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Calendric determinism is a common feature of markets. Probably the best known is “Sell in May”, which I have investigated in the past. The “January Effect” is another example, suggesting that indices’ direction in the first month sets the tone for the rest of the year. The “Santa Rally” is a seasonal favourite. One of the more reliable indicators in the past has been the US Presidential election cycle, although the current incumbent is doing his best to throw everything out of kilter.
Around this time of year it is commonplace to read articles in the financial sections of newspapers (and also in on-line blogs, for the more progressive) asserting that October is the “cruellest month” for investors. They tend to proliferate if markets have a wobble, and so, unsurprisingly, the volume was cranked up last week. But is there any merit in the claim?
There is no doubt that a few bad things have happened in the month of October. These include the Wall Street Crash of 1929, which saw the Dow Jones Industrial Average lose 20.4% of its value (the peak-to-trough was -34.8%). Then there was the Crash of 1987, which saw the UK FTSE 100 Index fall a net 26%. Cementing the idea of decade-long cycles, October 1997 saw the FTSE 100 drop 8.5% as the Asian Crisis gathered pace; and, of course, the Great Financial Crisis of 2008 saw a 19.9% fall for the index in that month. The pattern was repeated last year, when the FTSE 100 fell 5% in response to escalating global trade tensions and tightening US monetary policy.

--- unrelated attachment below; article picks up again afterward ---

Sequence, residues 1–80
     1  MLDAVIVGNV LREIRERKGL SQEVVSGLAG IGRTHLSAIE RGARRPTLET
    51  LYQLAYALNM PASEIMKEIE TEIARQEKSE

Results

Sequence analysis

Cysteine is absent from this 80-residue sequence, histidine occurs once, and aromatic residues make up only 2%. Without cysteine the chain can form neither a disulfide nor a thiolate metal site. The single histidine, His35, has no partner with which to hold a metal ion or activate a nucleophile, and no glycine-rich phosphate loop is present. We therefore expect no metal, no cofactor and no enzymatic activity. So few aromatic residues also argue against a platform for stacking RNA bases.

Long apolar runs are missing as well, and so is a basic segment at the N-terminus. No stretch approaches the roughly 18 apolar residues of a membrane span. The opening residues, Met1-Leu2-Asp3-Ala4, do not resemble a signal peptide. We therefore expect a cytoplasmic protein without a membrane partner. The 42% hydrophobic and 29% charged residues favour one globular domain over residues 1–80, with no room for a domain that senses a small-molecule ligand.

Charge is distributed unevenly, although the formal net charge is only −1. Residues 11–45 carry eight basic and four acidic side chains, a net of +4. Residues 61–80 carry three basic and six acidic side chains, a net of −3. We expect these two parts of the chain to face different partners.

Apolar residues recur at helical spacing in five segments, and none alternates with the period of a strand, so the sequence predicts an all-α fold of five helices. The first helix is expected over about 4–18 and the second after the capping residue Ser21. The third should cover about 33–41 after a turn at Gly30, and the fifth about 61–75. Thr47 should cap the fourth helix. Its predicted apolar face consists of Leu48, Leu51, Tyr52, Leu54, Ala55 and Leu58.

Looking at data for the FTSE 100 going back to its inception in 1984, the average return for October is +0.34%, with only ten of the thirty-five years producing a negative return.
But these are the outliers onto which some have anchored their views. Looking at data for the FTSE 100 going back to its inception in 1984, the average return for October is +0.34%, with only ten of the thirty-five years producing a negative return. Of course, that’s not to say that we can blithely disregard any risks this month, but, as always, we must judge everything on its merit.
I am (worryingly) frequently asked when the next financial crisis is coming, probably because the experience of 2008 is indelibly printed onto everyone’s memory. There is also a suspicion - not wholly unfounded - that markets are structurally more vulnerable today owing to, for example, the nature of ownership (computer-driven strategies, Exchange Traded Funds, etc), and reduced liquidity because of tighter bank regulation.
Some corners of the market are definitely pretty highly valued, notably some of the loss-making disruptors. There have been signs recently that this particular bubble has sprung a leak, but much of the damage so far has been confined to private investment funds having to mark to market. It’s certainly difficult to describe many companies with a dependable growth outlook as looking cheap, but current valuations are not especially egregious when one takes into account an exceptionally low discount rate.